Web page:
Tyson Foods, Inc. v. Bouaphakeo

Facts of the Case

Respondents, Bouaphakeo et al., employees of petitioner Tyson Foods, worked in the kill, cut, and retrim departments of a pork processing plant in Iowa. Bouaphakeo et al.’s work required them to wear protective gear, but the exact composition of the gear depended on the tasks a worker performed on a given day. Tyson Foods, Inc. compensated some, but not all, employees for this donning and doffing, and did not record the time each employee spent on those activities. Bouaphakeo et al. filed suit, alleging that the donning and doffing were integral and indispensable to their hazardous work and that petitioner’s policy not to pay for those activities denied them overtime compensation required by the

Question

May differences among plaintiff class members be ignored for the purpose of class certification when liability and damages will be calculated based on statistical techniques that presume all class members are identical to an average?May a class action be certified and maintained when the class contains members who were not injured and therefore have no legal right to damages?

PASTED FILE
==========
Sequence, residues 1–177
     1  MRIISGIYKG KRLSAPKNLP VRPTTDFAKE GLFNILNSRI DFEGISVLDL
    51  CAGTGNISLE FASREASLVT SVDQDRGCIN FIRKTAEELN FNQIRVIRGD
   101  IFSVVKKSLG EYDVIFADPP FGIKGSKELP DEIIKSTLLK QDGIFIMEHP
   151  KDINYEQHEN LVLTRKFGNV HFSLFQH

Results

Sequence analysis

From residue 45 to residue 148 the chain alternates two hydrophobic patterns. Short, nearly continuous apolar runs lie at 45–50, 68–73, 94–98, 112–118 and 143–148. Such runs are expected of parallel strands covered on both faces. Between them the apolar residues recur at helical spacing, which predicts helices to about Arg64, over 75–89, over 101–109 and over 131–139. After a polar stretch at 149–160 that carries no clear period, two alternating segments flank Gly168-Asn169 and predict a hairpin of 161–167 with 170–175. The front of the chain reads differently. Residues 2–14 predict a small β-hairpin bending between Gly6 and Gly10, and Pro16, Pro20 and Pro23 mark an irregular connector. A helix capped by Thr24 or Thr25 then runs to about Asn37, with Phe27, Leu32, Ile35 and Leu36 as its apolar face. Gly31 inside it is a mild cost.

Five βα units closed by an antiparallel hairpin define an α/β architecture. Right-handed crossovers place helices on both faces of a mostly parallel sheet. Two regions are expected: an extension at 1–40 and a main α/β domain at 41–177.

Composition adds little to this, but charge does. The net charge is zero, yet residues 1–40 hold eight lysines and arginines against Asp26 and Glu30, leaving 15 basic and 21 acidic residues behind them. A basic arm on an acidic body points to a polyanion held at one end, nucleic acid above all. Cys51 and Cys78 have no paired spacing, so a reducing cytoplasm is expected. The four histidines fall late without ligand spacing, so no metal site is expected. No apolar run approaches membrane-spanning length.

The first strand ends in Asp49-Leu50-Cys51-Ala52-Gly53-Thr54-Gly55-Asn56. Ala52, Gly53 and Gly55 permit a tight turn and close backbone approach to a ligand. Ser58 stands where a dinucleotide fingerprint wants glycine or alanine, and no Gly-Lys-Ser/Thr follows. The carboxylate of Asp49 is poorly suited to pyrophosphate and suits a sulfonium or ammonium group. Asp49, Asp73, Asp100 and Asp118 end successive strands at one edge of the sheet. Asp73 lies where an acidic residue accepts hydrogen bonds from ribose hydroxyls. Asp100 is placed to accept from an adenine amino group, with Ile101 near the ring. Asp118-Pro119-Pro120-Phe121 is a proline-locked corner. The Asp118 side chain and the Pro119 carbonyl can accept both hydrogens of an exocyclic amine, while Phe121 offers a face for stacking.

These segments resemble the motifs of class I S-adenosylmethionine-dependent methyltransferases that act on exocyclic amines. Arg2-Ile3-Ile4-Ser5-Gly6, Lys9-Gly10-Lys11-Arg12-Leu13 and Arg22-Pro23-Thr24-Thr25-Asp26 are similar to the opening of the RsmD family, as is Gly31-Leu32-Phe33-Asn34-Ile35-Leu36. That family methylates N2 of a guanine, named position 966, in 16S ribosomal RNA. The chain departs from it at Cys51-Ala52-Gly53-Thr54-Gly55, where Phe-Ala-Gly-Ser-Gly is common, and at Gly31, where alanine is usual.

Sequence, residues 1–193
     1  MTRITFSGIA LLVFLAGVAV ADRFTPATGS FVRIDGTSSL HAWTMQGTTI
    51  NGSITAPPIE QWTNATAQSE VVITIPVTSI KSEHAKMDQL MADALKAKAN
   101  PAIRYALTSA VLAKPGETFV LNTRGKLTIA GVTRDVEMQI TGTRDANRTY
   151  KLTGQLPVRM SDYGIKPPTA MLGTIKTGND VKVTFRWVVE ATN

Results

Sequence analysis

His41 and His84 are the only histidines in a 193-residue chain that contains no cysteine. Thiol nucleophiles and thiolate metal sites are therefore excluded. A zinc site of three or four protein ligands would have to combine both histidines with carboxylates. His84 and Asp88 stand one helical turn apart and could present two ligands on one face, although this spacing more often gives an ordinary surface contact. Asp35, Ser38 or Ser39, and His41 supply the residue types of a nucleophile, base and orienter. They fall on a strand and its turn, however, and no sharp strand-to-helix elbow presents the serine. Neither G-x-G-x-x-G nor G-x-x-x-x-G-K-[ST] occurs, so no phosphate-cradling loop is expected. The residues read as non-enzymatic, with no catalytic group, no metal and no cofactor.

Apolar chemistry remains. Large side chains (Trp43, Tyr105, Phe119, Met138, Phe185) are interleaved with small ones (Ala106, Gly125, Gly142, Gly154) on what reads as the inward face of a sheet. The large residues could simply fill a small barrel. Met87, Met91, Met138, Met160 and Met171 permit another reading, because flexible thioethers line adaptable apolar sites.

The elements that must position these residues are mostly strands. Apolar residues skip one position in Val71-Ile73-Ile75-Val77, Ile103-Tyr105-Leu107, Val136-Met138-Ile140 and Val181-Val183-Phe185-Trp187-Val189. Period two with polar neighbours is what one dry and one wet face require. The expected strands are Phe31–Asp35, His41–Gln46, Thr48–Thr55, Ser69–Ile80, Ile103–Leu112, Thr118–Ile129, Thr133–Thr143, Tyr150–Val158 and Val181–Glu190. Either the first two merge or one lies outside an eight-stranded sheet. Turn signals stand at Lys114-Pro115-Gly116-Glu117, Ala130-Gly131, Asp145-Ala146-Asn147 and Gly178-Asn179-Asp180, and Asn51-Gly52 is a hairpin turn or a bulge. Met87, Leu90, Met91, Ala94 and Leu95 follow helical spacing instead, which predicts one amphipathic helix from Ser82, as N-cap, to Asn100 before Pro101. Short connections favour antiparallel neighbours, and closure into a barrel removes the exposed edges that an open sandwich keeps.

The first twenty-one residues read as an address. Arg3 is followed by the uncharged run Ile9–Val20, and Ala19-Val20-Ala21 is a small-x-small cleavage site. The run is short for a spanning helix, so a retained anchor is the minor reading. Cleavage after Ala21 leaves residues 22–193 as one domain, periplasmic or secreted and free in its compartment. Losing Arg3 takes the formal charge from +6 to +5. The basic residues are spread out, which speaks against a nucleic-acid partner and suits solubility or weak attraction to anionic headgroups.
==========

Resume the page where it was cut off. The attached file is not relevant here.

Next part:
CONCLUSION

Despite differences among class members, the class action was based under one question and therefore the class was properly certified. Additionally, although some class members who had not been injured would have no right to damages, the award had not yet been dispersed, so the district court can review the disbursement on remand. Justice Anthony Kennedy wrote the opinion for the 6-2 majority, which held that the class members were joined under one common question, and that satisfies the requirements for a class action suit despite differences among the members. The case was remanded for the lower court to consider of the proper disbursement of the award.In his concurring opinion, Chief Justice John G. Roberts, Jr. wrote that the district court would be unable to appropriately distribute the $2.9 million award among the class members. The jury did not allocate the direct calculation of damages to unpaid overtime compensation and each plaintiff spent different amounts of time doffing and donning the protective clothing, so it would be extremely difficult to determine which plaintiffs are excluded from the award for lack of damages and the amount of the damages the other plaintiffs should receive. Justice Samuel A. Alito joined in the part of the concurrence that addressed the problems of allocating damages.Justice Clarence Thomas wrote a dissent in which he argued that the district court erred in certifying the class action because the amount of time individual plaintiffs spent dealing with the protective clothing varied significantly. Some plaintiffs may not have been pushed over 40 hours a week and would not be owed damages. The awarded $2.9 million will be difficult to distribute among the 3344-members of the class action suit, and the district court should not have certified the class action suit. Justice Alito joined in the dissent.

Case Information

  • Citation: 577 US _ (2016)
  • Granted: Jun 8, 2015
  • Argued: Nov 10, 2015
  • Decided Mar 22, 2016